Publisher: Atria Books
Source: eARC from NetGalley and the publisher
"I live in a world without magic or miracles. A place where there are no clairvoyants or shapeshifters, no angels or superhuman boys to save you. A place where people die and music disintegrates and things suck. I am pressed so hard against the earth by the weight of reality that some days I wonder how I am still able to lift my feet to walk."
Former piano prodigy Nastya Kashnikov wants two things: to get through high school without anyone learning about her past and to make the boy who took everything from her—her identity, her spirit, her will to live—pay.
Josh Bennett’s story is no secret: every person he loves has been taken from his life until, at seventeen years old, there is no one left. Now all he wants is be left alone and people allow it because when your name is synonymous with death, everyone tends to give you your space.
Everyone except Nastya, the mysterious new girl at school who starts showing up and won’t go away until she’s insinuated herself into every aspect of his life. But the more he gets to know her, the more of an enigma she becomes. As their relationship intensifies and the unanswered questions begin to pile up, he starts to wonder if he will ever learn the secrets she’s been hiding—or if he even wants to.
The Sea of Tranquility is a rich, intense, and brilliantly imagined story about a lonely boy, an emotionally fragile girl, and the miracle of second chances.I said it before and I'll say it some more... I hate to cry. Still, I picked up this book knowing that I'll probably need a tissue or two. You take 2 broken people, mix in a huge vat of horrible things that happen outside of their control, add in peers who don't understand, add a helping of not being able to see those that do care, and add a dash of loneliness. Unfortunately, even that recipe does not come up with the brilliance of this book. Yes, you can safely say I loved it.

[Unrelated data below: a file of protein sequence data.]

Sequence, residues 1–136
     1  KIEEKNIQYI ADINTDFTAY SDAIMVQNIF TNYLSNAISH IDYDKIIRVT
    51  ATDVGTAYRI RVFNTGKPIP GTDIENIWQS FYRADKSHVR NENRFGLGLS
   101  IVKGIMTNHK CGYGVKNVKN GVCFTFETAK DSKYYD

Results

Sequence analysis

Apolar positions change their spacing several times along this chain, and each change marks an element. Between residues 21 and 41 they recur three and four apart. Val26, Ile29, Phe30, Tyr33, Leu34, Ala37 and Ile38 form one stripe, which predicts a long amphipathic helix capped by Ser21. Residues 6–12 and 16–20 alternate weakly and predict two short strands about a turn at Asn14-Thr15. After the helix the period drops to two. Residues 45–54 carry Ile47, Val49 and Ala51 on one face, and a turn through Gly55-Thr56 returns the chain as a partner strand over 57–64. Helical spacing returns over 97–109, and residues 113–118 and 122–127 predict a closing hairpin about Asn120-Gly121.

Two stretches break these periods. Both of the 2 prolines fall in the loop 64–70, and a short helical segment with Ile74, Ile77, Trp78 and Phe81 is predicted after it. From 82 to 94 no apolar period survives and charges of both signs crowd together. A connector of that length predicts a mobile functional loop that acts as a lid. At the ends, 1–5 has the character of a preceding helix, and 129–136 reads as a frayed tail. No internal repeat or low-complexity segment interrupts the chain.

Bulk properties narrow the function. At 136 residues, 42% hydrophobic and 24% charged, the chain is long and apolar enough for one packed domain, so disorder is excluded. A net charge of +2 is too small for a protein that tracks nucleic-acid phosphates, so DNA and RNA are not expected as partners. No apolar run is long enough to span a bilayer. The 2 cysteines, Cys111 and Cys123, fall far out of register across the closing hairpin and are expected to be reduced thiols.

When I first started the book, I admit I was confused. The book just dives into the lives and it almost felt as if you should know what was going on. I am no stranger to reading in the middle of the series, but I knew this was a standalone from the beginning. I actually stopped and did a double check to make sure I was correct and it was a standalone.
After that was sorted, I understood why it started that way. Nastya, is determined to not allow anyone to learn of her past, so you are thrown into the mix as much as our main characters have been thrown. What I loved about Nastya's story is that we do not get to know what happened to her for much of the book. I thought this was brilliant. Often we want to know what happened as if then we can determine how broken she is... a thing we cannot possibly determine with such little information. However, by withholding the exact details of her assault (the only thing we do know), we truly figure out how broken she has become. We are left with the raw emotions like anger and fear to deal with. Contrasted with our hero, Josh who we know everything that has happened to him and yet the author also finds a way to help us understand his brokenness. You knew that these two would come together. This story is how they come together and hopefully find the road back to themselves.
My only complaint with the book has to be the jumps. It does jump from Nastya's POV to Josh's POV, but that isn't a problem at all. All those jumps are marked and they have distinct voices. The jumps I'm referring to have to do with either actual location and/or time. One minute they are in school, the next at home, or suddenly it's next week. I think these transitions just need to be worked on a bit.
I give this book 4 1/2 stars. I really loved this book and I recommend it to those that love a story where two broken people come together, not to "fix" each other, but to find a way to "fix" themselves with the support of the other.